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Google Analytics 4 updates in July 2023
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Tech tips

5 things you need to know before Google Analytics changes

What’s the secret to a successful website? Although effective user interface (UI) and good web design are important, you should also use data metrics to optimize your site’s potential. Here at the Komando HQ, we trust Google Analytics to give us a bird’s-eye view of how our site is doing.

That’s why we marked our calendars for July 1. That’s when Google Analytics 4 (GA4) will officially replace Universal Analytics (UA), the older version. If you still use the older version, you could lose critical data if you don’t switch over as soon as possible.

How to tell which version you’re using

Now that Universal Analytics is going away, it’s time to see which version you’re using. Did you sign up before Oct. 14, 2020? You’re probably using UA. But if you signed up more recently, you may already be on GA4.

Not sure which version you’re using? Look at your property ID, which pops up when you click the chart icon in your toolbar.

  • If you’re on UA, your property ID will start with UA and end with a number, like UA-204291539-1.
  • You’ll know you’re using GA4 if your property ID is purely made out of numbers, like 282008448.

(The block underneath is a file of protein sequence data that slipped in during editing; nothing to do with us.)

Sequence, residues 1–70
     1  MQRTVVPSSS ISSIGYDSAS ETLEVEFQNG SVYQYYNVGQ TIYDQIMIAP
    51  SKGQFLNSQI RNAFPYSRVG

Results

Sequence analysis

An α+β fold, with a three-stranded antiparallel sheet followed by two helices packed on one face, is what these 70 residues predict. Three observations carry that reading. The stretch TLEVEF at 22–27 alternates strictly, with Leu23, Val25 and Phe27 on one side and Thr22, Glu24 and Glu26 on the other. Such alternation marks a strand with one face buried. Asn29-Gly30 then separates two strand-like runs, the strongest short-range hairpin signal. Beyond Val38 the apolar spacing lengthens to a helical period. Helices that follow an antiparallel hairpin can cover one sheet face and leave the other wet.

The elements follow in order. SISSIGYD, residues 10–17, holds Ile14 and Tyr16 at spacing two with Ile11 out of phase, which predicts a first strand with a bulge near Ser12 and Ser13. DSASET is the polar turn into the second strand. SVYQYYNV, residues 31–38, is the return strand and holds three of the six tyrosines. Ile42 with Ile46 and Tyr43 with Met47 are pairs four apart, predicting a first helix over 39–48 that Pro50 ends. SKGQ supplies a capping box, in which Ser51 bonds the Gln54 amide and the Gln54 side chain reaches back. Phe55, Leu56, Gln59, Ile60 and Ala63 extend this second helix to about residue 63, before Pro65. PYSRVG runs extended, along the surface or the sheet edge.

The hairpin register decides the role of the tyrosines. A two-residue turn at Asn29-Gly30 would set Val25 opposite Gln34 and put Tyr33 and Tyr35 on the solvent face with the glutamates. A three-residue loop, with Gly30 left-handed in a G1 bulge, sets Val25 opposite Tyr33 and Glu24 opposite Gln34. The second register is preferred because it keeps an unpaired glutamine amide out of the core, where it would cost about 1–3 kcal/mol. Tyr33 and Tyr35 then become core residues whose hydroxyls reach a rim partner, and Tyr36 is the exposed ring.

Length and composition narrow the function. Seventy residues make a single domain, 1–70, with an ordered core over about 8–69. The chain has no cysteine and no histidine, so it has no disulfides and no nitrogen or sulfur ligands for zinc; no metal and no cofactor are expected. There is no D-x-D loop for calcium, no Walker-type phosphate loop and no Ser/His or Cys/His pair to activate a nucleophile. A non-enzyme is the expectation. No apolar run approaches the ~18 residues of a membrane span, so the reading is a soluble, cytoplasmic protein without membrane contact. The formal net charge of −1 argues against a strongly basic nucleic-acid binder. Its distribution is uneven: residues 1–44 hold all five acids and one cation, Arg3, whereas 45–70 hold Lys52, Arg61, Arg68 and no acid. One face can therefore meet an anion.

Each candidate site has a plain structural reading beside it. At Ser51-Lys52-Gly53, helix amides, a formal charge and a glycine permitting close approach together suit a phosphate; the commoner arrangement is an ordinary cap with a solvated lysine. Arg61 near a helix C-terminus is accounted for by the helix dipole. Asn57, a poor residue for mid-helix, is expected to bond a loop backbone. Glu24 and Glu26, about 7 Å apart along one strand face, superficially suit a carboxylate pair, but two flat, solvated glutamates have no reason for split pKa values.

If you don’t update to GA4, Universal Analytics won’t be able to process new data in standard properties after July 1. Simply put, all the data you collected in UA won’t import to GA4 when your program automatically switches.

So if you wait until July to upgrade, you won’t have any historical data to guide your business plans. Use this guide to migrate your site data to Google Analytics 4.

Five key details to know before Google Analytics changes

Upgrading from Universal Analytics to GA4 may sound like a pain, but it comes with perks. You’re getting many new features and upgrades, like better privacy controls that allow you to collect and retain data in a more granular way.

Do you use Google Ads? Good news: GA4 comes with tighter ad integration. That means you can see the entire customer cycle, from how customers interact with your marketing to how they complete the goals you set for them, Google reports. For example, you can see how clicking on an ad leads customers to buy your products.

GA4 is a more comprehensive data reporter than UA. You can see how customers interact with your content through different stages of the buying process. You can even track web usage through third-party apps like YouTube and Facebook.

Best of all, you can now track events without a code. No more relying on Google Tag Manager to measure specific customer interactions. If you want to use an event to measure when someone clicks a link, you don’t need to code anything.

Since GA4 is a cross-platform tool, it’s not depending on device-based cookies like UA. That means you can use new built-in AI tools to monitor data effortlessly — even when users decline cookies. GA4 uses an event-based data model along with intelligent data tracking techniques.

Bottom line: Change isn’t easy, but it’s worth it in this case. You can upgrade your data analytics strategy with new features that give you a clearer birds-eye view than before. Not bad!

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